Foto del docente

Paolo Castaldi

Associate Professor

Department of Electrical, Electronic, and Information Engineering "Guglielmo Marconi"

Academic discipline: ING-INF/04 Systems and Control Engineering


Keywords: Fault detection and isolation metodologies with application to aerospace system Non Linear Geometric approach Adaptive filtering Longitudinal flight path control in presence of wind shear Guidance Methods Fault Tolerant Control metodologies with application to aerospace systems Fault Detection and Isolation of GPS Fault Detection and Isolation of Aircraft and Spacecraft


The research activities of Paolo Castaldi include:

1.Development of new Fault Detection and Isolation (FDI) methodologies for general aviation aircrafts, UAVs and satellites (2005-today)

2.Development of new Active Fault Tolerant Control (AFTC) methodologies for general aviation aircrafts, UAVs and satellites (2006-today)

3.Development of methodologies for landing in wind shear conditions (2011-today)

4.Development of new methodologies for the identification of static and dynamic Errors-in-variables (EIV) models through the application of ARAIM for GPS/GALILEO (2004-today)

5.Theoretical development and application of new adaptive filtering algorithms for the estimation of the parameters and of the state of induction engines (2004-today)

6.Development and application of Control, Identification and Fault Detection schemes to generic real processes (2005- today (some topic))


•Development of a new linear and polynomial FDI methodology for the aircraft I/O sensors. This approach is based on the development of a residual generator bank and it has been compared with "classical" FDI methods based on residual generator banks developed by means of neural networks or Unknown Input Kalman Filters. Such comparison has been carried out both in case of decoupled and coupled longitudinal and latero-directional dynamics. Particular attention has been paid to methodology robustness: the diagnostic residual generators are decoupled from wind (turbulence and wind gust) and robust against model uncertainties. Finally, the above-described comparison has been made by means of a nonlinear flight simulator including the model of sensors, actuators, turbulence and wind gusts. These simulations have highlighted the superior performances of the proposed approach with respect to the linear techniques presented in literature.

•Development of a new FDI scheme based on the Nonlinear Geometric Approach (NLGA). For the first time in literature a NLGA scheme for a 6 DoF (Degree of Freedom) aircraft model has been proposed, taking also in account the nonlinear engine dynamic and a longitudinal dynamic coupled with the lateral one. This FDI methodology is characterized by residual generators decoupled from wind (turbulence and wind gust) and robust against both critical model errors and parametric uncertainties, due to an inaccurate knowledge of the flight condition. Such decoupling is achieved through the identification of subsystems which are affected by the considered fault and not affected by the other faults and disturbances to be decoupled. On the base of this subsystem it is possible to design residuals which are affected only by the considered fault. The obtained filters have been tested on a flight simulator, including the model of sensors, actuators, turbulence and wind gust model, and compared with filters developed by means of Neural Networks or Unknown Input Kalman Filters. The better achievable performance,s have shown the effectiveness of the proposed algorithm.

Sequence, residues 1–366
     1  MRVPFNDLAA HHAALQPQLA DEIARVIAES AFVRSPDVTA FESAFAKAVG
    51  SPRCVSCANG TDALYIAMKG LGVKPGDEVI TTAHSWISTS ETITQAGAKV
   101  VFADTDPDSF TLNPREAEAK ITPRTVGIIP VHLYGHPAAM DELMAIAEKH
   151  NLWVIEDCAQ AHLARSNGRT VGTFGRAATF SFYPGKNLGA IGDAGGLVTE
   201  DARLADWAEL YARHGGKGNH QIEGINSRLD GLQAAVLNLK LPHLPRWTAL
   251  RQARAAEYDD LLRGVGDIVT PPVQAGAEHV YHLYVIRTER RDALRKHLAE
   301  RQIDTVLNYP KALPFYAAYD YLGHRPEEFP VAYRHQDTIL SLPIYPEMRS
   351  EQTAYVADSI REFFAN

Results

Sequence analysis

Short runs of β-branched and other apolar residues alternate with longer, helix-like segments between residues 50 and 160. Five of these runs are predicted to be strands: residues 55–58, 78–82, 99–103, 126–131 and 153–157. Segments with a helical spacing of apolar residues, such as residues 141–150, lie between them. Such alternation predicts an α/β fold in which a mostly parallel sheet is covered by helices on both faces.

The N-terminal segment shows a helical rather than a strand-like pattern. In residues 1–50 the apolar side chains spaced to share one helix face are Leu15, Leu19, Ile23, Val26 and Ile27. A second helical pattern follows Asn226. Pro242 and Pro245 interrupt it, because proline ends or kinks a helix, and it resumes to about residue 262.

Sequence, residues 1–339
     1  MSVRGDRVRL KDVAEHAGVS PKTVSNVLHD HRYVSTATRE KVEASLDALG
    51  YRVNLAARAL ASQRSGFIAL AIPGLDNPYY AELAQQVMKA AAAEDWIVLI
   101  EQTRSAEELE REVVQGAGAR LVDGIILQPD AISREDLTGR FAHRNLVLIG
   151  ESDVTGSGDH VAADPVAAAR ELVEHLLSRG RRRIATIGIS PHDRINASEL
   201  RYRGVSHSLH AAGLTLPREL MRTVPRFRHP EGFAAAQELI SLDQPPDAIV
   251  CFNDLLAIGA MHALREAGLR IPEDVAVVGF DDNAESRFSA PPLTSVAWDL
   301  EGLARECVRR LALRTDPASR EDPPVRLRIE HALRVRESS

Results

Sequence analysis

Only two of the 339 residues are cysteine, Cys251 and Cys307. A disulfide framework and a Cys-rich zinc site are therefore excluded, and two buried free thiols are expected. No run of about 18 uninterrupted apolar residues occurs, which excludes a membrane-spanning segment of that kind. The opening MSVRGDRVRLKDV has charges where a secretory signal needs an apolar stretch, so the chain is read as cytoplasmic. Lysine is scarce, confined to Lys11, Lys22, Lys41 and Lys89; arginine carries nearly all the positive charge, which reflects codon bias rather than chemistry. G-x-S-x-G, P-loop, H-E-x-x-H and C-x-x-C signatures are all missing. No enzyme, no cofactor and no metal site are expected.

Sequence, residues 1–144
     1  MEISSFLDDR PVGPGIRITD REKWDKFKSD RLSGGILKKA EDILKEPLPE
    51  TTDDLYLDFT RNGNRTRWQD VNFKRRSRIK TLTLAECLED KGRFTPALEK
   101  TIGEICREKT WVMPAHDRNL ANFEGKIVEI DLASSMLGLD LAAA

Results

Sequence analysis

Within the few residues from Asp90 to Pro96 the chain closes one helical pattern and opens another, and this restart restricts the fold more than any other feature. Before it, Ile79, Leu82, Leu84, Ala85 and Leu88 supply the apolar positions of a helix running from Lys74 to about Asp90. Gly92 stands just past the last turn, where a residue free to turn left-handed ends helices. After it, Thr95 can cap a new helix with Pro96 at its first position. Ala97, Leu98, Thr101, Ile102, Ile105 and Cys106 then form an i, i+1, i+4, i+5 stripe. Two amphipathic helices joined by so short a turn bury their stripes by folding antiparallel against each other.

•The above described research work has led to the design not only of a FDI unit, but also of a more general FDD (Fault Detection and Diagnosis) unit based on the NLGA (NLGA-FDD). Such unit provides not only the fault detection and isolation, but also the fault estimation in the time domain thus resulting in the development of research topic 2 (see below), i.e. an Active Fault Tolerant Control (AFTC) system based on the NLGA (NLGA-AFTC). In fact, it is possible to achieve the compensation of the fault, affecting satellite or aircraft actuators, by means of a further feedback loop based on the fault estimation. A peculiarity of the proposed scheme is that the fault estimation, thanks to the NLGA, is decoupled from the disturbances affecting the system (wind for aircrafts and gravitational and aerodynamic fields for satellites). Such result allows to obtain an asymptotically unbiased and robust fault estimation, and therefore the rejection of the fault itself.

The NLGA-AFTC approach is conceptually suitable for both aircrafts and spacecrafts and also for generic benchmark systems, as shown in the most recent papers on journals with high IF and invited sessions in international congresses. In particular, by means of the the benchmark, a comparison with Sliding Mode Control (SMC), has shown the better achievable performances of NLGA-AFTC, in particular during the transitory phases following faults occurrence.